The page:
Bob Carr was in the news last week announcing that the Australian government is going to support Kiribati with A$15 million to help fight the effects of “climate change”.
Now, I have nothing against helping our Pacific neighbours, but to blame it on climate change and sea level rise is a bit of a stretch. If they are having problems with erosion or fresh water issues, as they may be, would it not be better to actually identify the reason behind it first, before sinking (literally) millions of Aussie dollars into the Island? A simple look at the sea level record which is collated by the BOM, should show what is going on with the ocean around Kiribati.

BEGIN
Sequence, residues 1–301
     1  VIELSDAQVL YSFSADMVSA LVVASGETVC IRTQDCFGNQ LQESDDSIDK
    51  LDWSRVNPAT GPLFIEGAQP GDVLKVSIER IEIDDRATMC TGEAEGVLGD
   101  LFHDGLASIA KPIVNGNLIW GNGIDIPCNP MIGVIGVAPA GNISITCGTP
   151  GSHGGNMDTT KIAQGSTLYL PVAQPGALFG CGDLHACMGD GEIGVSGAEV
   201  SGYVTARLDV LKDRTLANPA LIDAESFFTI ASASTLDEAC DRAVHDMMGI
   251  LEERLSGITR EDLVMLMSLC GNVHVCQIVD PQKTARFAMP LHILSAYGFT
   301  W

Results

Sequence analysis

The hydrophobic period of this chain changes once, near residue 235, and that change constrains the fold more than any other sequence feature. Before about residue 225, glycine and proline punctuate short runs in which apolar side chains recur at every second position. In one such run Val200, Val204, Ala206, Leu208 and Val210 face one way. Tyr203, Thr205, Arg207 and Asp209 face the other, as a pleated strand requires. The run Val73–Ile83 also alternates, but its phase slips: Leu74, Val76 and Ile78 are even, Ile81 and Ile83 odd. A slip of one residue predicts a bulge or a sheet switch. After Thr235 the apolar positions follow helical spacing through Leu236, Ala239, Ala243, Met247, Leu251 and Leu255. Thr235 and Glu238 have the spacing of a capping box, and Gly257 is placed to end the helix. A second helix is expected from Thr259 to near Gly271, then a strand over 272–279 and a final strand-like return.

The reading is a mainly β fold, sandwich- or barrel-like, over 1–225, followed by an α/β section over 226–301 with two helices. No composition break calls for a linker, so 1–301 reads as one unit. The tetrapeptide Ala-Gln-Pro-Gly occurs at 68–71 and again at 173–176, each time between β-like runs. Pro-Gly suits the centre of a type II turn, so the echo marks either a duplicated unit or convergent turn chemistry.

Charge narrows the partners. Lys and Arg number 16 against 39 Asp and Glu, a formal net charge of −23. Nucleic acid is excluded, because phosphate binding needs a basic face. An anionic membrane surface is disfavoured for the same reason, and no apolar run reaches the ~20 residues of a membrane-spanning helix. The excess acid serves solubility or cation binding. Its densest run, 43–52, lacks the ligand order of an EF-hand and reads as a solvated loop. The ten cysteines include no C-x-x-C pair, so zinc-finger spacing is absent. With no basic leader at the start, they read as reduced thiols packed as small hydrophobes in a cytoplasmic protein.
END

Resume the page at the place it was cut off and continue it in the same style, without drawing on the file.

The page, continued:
The complete sea level record for Kiribati, shows a positive trend of 3.17mm per year. 1992 to Jan 2013.
But a closer look at this graph though, shows a big dip in sea level in 1998. This is the result of the massive El Niño which reduced the sea level for a limited period in the western pacific. This is what has actually created the positive trend over this period. Prior to, and since the El Niño, the trend is essentially flat as the following shows.
Puzzling, isn’t it. The global sea levels are rising year on year for the last 100 years or more (according to the official data) yet sea levels around Kiribati and Tuvalu are pretty well static. Some one is not telling the whole truth here.
Do Australian politicians actually know what they are talking about?
Update May 2013: